That Smoky Air from the Wharton Forest Fire is as Unhealthy as It Looks
By now you've probably heard: that smoky smell you may have encountered in the city today is from New Jersey. Specifically, from a brush fire in Wharton State Forest.
Of course you may not have noticed the scent at all. New York City is a cauldron of weird and strong and ever-changing smells, and our nostrils gave up caring within three to four months of moving here.
But this smell is at least mildly more unhealthy than the rest of the vile fumes we inhale on a daily basis. At 11:45 a.m. the New York State Department of Environmental Conservation issued an air quality warning for the city.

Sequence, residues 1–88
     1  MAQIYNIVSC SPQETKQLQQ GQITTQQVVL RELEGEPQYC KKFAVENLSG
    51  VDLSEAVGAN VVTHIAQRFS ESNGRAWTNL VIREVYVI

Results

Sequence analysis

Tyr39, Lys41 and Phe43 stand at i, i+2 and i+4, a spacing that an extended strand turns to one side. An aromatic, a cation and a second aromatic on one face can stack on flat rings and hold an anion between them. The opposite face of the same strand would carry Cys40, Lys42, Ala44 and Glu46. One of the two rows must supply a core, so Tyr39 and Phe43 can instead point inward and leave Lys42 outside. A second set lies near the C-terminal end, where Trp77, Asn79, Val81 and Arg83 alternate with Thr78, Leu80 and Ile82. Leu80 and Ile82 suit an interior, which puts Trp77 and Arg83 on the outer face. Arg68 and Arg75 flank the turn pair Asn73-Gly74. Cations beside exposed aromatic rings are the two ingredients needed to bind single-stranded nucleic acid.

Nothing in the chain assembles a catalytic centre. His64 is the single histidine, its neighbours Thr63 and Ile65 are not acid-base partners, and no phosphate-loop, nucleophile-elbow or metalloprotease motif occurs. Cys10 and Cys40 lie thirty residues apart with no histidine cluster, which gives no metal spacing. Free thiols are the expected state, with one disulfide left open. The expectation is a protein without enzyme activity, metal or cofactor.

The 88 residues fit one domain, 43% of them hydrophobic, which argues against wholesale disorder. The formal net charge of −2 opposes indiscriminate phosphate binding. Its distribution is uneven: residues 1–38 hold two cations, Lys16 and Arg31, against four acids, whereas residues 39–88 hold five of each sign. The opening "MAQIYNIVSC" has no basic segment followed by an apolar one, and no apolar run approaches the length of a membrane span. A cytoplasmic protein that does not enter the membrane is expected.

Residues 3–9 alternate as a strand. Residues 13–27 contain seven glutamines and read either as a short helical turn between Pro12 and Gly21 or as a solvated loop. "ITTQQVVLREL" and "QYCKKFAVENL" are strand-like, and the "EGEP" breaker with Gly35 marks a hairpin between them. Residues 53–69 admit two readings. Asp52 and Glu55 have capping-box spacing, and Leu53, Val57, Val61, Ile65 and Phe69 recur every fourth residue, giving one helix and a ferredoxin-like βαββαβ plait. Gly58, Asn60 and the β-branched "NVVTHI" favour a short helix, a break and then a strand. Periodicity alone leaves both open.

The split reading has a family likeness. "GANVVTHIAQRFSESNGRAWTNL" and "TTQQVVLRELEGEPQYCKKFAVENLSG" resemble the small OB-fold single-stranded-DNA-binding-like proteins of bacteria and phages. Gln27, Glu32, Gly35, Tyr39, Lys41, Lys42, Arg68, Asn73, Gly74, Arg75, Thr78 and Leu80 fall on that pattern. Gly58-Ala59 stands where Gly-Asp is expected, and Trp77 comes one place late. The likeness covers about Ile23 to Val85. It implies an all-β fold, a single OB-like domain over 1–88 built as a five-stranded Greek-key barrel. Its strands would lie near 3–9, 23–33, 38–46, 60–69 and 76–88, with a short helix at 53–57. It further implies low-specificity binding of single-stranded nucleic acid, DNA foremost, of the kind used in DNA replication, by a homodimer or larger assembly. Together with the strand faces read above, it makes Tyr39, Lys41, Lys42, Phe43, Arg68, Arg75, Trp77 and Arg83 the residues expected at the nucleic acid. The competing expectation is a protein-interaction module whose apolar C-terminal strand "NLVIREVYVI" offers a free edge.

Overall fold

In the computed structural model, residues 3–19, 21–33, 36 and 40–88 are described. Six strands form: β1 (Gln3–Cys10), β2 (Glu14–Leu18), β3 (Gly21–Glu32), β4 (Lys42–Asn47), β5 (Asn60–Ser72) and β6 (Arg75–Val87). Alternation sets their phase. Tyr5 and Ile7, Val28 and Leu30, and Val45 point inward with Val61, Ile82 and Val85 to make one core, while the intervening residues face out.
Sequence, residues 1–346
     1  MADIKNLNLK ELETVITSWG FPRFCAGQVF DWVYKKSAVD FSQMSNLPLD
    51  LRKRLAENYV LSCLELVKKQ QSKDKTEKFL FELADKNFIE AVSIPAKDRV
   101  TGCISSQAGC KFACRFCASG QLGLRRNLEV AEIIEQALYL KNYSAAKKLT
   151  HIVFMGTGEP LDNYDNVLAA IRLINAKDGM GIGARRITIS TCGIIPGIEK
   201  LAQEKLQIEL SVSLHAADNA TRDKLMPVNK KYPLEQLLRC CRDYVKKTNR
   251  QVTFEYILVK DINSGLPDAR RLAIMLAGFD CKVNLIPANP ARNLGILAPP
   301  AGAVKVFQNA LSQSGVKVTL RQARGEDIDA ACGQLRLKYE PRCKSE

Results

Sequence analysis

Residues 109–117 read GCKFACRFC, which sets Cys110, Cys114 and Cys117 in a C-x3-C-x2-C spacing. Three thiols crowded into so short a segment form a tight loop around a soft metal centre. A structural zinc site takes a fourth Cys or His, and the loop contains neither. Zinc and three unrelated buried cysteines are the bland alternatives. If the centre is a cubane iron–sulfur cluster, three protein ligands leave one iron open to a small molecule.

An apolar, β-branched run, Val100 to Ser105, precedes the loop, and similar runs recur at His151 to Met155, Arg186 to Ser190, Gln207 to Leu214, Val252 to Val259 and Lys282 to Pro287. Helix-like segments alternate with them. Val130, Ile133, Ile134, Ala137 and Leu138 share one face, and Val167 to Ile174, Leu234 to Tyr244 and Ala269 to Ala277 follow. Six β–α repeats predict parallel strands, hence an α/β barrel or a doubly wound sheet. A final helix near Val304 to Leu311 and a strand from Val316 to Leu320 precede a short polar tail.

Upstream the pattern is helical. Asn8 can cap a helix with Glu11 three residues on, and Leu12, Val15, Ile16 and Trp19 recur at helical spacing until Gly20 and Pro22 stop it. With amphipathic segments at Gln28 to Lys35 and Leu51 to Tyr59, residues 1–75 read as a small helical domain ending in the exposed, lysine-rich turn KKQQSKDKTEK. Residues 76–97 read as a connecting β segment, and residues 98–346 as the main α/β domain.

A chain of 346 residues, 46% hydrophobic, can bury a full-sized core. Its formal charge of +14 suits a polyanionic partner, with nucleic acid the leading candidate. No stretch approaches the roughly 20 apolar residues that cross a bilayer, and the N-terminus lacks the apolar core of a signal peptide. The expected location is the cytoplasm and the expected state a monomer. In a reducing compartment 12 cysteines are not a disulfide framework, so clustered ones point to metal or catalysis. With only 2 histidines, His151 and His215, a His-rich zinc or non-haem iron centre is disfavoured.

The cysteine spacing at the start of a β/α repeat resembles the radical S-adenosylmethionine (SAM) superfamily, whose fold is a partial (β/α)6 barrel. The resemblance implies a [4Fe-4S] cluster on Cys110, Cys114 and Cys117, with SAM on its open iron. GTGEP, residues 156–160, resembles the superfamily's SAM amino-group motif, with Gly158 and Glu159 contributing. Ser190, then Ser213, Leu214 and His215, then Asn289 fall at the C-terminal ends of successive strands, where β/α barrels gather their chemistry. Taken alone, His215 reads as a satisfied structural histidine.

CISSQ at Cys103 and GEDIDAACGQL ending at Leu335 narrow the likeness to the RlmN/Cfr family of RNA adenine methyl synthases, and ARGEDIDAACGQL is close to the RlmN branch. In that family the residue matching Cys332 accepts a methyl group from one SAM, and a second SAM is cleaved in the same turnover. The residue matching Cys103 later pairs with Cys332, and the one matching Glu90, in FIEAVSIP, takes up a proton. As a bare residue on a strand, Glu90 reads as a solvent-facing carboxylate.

Because of the elevated pollution levels, the New York State Department of Health recommends that folks "consider limiting strenuous outdoor activity." This is extra important for people who might be sensitive to the effects, including children, the elderly, and people with asthma or other respiratory problems.
The advisory is in effect until 11 p.m.
Wharton State Forest is about 90 miles south of Manhattan. The fire started on Sunday afternoon and spread over around 1,500 acres, according to Newsday. By early Monday morning, firefighters had the blaze contained. No injuries reported.
Send story tips to the author, Albert Samaha
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